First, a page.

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What Is History? Definitions and Philosophy of History


History: The Practical and the Ideal

Plato taught that all things are perceived in light of a perfect “Ideal”, that which we see as good is an imperfect manifestation of the ideal goodness, that which is just is measured by its relation to the one Justice; for all things there is a more perfect form or idea. So it is with the ideal history, and like all other Ideals, man will by nature strive to attain it even when it lies far beyond his reach.

The ideal history can be defined simply as “What really happened.” Everyone begins with a false assumption, that the histories we read in textbooks and learn in classrooms are the ideal. This is not to say that all textbooks are necessarily wrong in everything they say, it simply means that much of what we hold as history is, at best, an educated guess, and often time merely an assumption—a leap of faith. Our understanding of the past is constantly changing, and that which seems incontrovertible today may be proved foolishness tomorrow. Even as boys and girls study the pages of their history books, confidently learning what we can know for certain, our best scholars are fiercely debating the very same thing.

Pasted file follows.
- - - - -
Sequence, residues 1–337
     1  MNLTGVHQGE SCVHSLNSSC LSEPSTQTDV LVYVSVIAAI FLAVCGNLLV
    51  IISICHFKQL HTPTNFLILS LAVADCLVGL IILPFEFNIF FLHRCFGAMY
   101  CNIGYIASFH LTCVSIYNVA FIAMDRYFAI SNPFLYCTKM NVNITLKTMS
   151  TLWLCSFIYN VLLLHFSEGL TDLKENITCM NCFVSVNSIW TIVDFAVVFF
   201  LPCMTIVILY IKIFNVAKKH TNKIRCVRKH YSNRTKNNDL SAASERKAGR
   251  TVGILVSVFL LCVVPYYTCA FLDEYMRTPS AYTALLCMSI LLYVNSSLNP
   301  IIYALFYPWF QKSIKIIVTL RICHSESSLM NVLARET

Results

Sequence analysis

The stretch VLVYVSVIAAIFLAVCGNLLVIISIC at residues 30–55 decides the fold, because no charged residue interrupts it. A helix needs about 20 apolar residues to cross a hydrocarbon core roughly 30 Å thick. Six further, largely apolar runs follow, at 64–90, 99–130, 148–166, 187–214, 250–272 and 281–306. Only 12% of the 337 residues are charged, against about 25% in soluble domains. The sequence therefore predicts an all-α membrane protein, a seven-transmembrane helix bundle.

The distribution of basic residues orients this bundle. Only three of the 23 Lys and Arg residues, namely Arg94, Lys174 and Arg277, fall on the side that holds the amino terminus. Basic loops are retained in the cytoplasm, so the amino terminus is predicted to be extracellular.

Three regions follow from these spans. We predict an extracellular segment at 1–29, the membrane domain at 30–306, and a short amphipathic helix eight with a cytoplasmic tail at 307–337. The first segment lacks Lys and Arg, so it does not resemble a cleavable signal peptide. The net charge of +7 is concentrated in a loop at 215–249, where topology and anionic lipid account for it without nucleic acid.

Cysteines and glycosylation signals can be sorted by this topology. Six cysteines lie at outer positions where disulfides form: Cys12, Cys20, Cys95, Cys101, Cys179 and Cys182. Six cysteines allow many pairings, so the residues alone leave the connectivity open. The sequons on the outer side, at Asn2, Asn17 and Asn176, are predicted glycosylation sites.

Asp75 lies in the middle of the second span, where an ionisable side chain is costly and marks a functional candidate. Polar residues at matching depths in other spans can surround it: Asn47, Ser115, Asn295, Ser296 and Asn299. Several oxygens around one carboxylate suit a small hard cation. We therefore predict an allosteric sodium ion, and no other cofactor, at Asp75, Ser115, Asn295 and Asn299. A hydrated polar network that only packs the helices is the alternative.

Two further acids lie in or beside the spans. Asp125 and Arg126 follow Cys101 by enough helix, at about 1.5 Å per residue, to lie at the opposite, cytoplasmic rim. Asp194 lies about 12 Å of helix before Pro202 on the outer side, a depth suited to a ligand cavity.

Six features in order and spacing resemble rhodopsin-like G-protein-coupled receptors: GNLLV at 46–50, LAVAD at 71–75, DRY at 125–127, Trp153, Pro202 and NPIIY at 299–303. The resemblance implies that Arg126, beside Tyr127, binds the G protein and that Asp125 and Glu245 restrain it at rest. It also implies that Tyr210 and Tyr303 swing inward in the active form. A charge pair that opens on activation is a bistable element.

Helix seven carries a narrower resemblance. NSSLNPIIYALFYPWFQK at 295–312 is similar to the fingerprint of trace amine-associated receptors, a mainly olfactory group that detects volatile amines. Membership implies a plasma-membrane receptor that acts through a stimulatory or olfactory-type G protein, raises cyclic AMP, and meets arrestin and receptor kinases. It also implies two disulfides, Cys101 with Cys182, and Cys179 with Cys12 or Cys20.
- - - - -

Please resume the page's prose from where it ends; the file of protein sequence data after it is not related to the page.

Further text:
When considering the history of the world, we are only as certain as we are credulous. Tempting as it is to regard the past as historically established, the best scholars (in this writer’s opinion) are quicker to acknowledge what they do not know than to affirm what most desire to believe is known. Satisfying as a thoroughly confident textbook may be, a frustrating read through the more tentative publications of those men and women at the front line of our collective learning strips away many preconceived notions, leaving us standing on less, but hopefully more solid, ground. And it is in this latter way that we begin to find our best path toward the ideal history—practical history.

Even to quote Plato reminds us of the tentative nature of history as we know it when we consider the late manuscript data by which we know his works

Even to quote Plato reminds us of the tentative nature of history as we know it when we consider the late manuscript data by which we know his works

The Goal of a “Practical History”